Under Annex 5 of the OSPAR Convention, OSPAR is dedicated to protect and conserve ecosystems and biological diversity of the OSPAR maritime area. On the basis of this Annex, OSPAR created a “Roadmap for the implementation of collective actions within the Recommendations for the protection and conservation of OSPAR listed Species and Habitats (POSH)”. OSPAR created a list of the various species and habitat to fulfil this commitment. Within this framework, OSPAR is working on communication and awareness campaigns, monitoring and assessment actions, MPA actions legislation (see below for further details) and legal protection, research and knowledge generation and it looks at pressures from various human activities. Currently, OSPAR does not directly address the leisure industry, however, indirectly by addressing other human activities related to the recreation and tourism sector. For instance, OSPAR is addressing topics like habitat destruction, harmful discharges, or noise pollution, which can be linked to tourism and recreation as well.

Next to RAP and POSH, OSPAR also addresses the issues of hazardous substances and eutrophication, which are both issues associated also with the recreation and tourism sector, even though to a lesser extent than other human activities at sea.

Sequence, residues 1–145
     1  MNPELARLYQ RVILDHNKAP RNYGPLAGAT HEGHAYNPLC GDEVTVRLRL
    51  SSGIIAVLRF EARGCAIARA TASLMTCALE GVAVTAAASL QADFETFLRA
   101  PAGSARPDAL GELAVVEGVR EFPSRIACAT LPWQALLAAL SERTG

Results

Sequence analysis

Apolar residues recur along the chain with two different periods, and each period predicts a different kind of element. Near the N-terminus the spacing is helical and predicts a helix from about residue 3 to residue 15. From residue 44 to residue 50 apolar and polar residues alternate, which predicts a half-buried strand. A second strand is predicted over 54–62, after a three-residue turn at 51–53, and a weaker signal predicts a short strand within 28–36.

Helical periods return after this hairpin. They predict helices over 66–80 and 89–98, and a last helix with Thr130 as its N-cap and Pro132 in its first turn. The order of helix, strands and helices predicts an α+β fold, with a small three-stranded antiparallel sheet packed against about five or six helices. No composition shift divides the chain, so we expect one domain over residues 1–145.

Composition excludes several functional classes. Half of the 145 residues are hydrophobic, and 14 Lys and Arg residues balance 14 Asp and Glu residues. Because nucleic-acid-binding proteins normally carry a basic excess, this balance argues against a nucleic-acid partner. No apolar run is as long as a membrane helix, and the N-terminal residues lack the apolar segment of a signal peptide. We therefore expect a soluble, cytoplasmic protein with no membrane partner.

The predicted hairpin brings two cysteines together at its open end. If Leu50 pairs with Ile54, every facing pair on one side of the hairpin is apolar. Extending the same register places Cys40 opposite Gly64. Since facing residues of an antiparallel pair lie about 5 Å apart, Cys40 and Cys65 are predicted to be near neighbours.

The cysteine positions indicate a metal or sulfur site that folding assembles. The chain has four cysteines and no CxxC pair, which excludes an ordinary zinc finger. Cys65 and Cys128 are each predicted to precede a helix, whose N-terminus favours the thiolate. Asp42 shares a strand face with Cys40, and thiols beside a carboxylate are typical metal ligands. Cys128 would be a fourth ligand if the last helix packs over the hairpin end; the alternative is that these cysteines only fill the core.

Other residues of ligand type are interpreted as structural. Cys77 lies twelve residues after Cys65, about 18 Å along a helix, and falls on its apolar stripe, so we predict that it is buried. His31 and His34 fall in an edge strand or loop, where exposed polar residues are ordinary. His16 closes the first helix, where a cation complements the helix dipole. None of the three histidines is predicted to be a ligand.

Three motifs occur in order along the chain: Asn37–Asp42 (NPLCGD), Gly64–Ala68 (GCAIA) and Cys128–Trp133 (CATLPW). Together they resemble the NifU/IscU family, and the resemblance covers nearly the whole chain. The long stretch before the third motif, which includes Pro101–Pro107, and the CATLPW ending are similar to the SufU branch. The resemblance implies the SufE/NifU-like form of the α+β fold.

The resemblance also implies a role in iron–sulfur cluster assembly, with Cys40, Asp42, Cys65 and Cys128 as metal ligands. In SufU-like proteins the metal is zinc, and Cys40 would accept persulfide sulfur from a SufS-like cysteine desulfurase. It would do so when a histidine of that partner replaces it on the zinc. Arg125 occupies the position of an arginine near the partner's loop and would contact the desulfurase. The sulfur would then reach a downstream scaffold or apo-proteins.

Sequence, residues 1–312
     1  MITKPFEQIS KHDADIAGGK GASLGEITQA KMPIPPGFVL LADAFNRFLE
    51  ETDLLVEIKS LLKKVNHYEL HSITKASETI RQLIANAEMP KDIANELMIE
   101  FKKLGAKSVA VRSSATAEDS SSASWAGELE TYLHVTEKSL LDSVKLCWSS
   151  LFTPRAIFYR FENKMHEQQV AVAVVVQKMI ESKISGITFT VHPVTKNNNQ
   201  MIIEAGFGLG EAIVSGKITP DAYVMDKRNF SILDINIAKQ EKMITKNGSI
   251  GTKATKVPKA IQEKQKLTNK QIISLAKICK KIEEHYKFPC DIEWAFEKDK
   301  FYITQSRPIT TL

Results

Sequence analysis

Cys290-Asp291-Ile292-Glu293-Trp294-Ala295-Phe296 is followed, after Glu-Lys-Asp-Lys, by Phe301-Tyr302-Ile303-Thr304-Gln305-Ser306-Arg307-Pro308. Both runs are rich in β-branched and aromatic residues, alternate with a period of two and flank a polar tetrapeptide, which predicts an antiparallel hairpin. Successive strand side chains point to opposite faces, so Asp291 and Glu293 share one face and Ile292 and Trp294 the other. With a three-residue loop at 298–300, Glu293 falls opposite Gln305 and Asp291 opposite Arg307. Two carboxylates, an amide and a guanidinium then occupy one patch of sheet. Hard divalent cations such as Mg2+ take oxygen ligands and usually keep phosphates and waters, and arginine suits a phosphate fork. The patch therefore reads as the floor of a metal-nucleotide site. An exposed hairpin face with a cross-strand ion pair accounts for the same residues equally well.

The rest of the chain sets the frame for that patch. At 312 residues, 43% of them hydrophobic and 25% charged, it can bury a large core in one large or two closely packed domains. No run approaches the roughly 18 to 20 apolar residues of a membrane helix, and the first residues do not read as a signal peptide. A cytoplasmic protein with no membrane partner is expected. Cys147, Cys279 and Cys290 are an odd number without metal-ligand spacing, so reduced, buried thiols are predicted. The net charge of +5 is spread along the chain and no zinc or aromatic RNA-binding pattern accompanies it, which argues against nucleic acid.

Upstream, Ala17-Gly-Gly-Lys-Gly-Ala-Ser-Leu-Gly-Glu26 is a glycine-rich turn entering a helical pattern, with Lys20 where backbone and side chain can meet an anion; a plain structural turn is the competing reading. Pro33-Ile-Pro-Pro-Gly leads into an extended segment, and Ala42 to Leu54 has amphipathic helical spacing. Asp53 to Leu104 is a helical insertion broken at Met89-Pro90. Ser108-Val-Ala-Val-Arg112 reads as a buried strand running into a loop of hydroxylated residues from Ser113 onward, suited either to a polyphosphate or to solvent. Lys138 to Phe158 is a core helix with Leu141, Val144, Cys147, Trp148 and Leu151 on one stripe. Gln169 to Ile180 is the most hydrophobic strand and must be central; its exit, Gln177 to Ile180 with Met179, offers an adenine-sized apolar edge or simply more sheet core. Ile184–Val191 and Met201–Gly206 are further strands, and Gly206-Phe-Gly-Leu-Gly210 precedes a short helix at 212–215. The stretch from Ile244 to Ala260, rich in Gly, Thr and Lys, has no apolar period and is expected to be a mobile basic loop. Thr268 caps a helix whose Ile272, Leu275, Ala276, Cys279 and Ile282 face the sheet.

The Marine Strategy Framework Directive (MSFD) was launched in 2008 with the aim to achieve Good Environmental Status (GES) for EU’s waters by 2020. This should ensure that resources - on which marine-related economic and social activities depend – are protected. GES should be reached by management measures applying the ecosystem approach. For achieving this goal, the Directive established European marine regions and sub-regions on the basis of geographical and environmental criteria. In 2017, the European Commission produced a set of methodological standards to help Member State to implement the MSFD and amendments in Annex III were made to better link ecosystems, anthropogenic pressures and impacts on the marine environment (European Commission, 2008) (European Commission, 2017). One of these regions is the North-East Atlantic Ocean – OSPAR maritime area. For the North-East Atlantic, OSPAR launched its North-East Atlantic Environment Strategy 2010-2020 (NEAES). This strategy focuses on the implementation of the Ecosystem Approach and five thematic strategies, like biodiversity and ecosystems (OSPAR, 2010).